Mitch McConnell speaking at the Capitol on Tuesday. Pool photo by Rod Lamkey
The Senate seems to have a deal on virus relief — despite Mitch McConnell’s “red line.”
Over the spring and summer, Mitch McConnell repeatedly declared that he had a litmus test for any new coronavirus stimulus bill: It had to protect businesses from lawsuits from workers or customers who contracted the virus.
“We have a red line on liability,”
“I won’t put a bill on the floor that doesn’t have liability protection in it,”
“No bill will pass the Senate without liability protection for everyone related to the coronavirus,”
But McConnell, the Republican leader in the Senate, has since erased that red line. Congressional leaders and Steven Mnuchin, the Treasury secretary, are nearing agreement on a $900 billion bill that doesn’t include liability protection.
So why did McConnell, arguably the savviest politician in Washington, fold?
The answer offers an important reminder of how the Senate really works and how it could become less dysfunctional in the near future than it has been lately.
When people talk about the Senate, they often imagine that McConnell, as the majority leader, is all-powerful and can prevent any bill he doesn’t like from coming up for a vote.
That’s not the case. Any senator can propose that a bill receive a vote. If at least 50 other senators want it to receive one, it will.
In recent decades, though, senators have voluntarily surrendered this power to their party’s leader, giving him (and, no, the Senate has never had a female majority or minority leader) a veto over what comes to the floor. The practice helps keep parties unified.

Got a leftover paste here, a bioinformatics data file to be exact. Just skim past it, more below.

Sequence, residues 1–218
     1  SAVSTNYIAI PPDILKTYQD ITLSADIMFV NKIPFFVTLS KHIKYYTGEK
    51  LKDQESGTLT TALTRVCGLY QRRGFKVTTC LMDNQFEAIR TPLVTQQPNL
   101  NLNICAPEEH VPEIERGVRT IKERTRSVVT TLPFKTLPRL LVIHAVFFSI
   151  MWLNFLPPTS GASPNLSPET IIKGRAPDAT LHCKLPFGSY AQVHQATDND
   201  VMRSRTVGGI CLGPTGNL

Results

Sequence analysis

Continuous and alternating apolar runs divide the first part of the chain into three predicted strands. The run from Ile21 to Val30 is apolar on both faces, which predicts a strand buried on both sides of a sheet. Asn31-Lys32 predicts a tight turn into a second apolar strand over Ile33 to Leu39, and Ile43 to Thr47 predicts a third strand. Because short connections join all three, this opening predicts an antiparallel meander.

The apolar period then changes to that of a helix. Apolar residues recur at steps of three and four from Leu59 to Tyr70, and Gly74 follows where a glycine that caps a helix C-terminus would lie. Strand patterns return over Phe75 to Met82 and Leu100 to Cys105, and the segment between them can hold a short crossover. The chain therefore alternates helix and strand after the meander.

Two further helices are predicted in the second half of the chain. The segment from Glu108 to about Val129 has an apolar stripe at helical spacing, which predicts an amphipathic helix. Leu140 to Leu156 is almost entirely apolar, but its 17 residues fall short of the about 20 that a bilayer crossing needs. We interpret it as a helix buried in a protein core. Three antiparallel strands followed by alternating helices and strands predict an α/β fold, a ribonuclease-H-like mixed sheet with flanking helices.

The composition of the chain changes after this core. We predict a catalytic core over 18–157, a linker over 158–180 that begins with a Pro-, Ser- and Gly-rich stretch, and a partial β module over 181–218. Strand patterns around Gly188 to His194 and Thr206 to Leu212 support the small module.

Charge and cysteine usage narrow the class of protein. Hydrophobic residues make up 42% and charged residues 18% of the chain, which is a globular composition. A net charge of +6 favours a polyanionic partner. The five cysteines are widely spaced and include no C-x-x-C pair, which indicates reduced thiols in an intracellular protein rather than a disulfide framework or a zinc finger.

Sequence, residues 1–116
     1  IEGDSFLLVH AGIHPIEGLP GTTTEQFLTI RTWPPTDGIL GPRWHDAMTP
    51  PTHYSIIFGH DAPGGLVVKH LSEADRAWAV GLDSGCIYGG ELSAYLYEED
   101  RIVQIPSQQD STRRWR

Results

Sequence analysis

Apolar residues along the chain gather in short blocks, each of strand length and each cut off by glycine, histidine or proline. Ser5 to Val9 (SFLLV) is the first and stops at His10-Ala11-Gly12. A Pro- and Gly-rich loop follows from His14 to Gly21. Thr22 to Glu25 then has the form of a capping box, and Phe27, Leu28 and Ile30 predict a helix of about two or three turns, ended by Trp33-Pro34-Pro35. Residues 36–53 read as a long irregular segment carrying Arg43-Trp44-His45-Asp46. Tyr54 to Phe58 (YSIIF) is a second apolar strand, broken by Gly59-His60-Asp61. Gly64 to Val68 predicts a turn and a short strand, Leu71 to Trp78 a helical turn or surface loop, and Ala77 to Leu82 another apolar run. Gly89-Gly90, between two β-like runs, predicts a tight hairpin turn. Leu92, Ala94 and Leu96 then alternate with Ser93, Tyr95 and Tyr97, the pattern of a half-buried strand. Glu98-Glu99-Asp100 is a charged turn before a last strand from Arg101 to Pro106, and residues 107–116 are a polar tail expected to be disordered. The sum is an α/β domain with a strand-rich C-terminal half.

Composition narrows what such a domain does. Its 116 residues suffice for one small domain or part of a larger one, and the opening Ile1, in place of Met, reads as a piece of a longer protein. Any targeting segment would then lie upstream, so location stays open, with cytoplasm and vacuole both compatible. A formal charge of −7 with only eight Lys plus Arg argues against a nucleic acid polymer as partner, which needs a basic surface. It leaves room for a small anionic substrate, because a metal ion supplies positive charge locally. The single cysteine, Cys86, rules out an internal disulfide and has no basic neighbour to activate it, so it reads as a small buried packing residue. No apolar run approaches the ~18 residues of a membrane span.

But it comes with a major downside. It makes bipartisan compromise harder to achieve.
Coalitions that could pass a bill — but that don’t include the majority leader — don’t get the chance to form.
“By stopping the legislative process before it starts, it makes compromise harder.”
James Wallner, a former Republican Senate staff member, has told me.
On the latest round of stimulus, a bipartisan group of senators changed the dynamic by making clear that they strongly favored additional aid. They did not publicly threaten to go around McConnell, but they didn’t have to. He can count to 51, and he was also worried that the two Republican candidates in next month’s Georgia Senate runoffs were “getting hammered” over the lack of a deal.
(McConnell did win a big concession as part of abandoning his red line: The proposed deal does not contain aid to state and local governments, even though the bipartisan group had included it in their earlier proposal and despite many economists favoring such aid.)
It’s possible this bipartisan deal will end up being a one-time event. But it doesn’t have to be. Senators have it within their power to find other areas of compromise next year, during Joe Biden’s presidency — even if McConnell does not favor those deals.
“In politics victory begets victory,”
Rahm Emanuel, the Democratic former House member and Chicago mayor, told me yesterday.
“The center-out governing coalition has a win under their belt.” It is a “big opportunity for Biden,”
Perhaps most intriguing, senators have the power to craft compromises regardless of which party wins the Georgia runoffs and controls the Senate.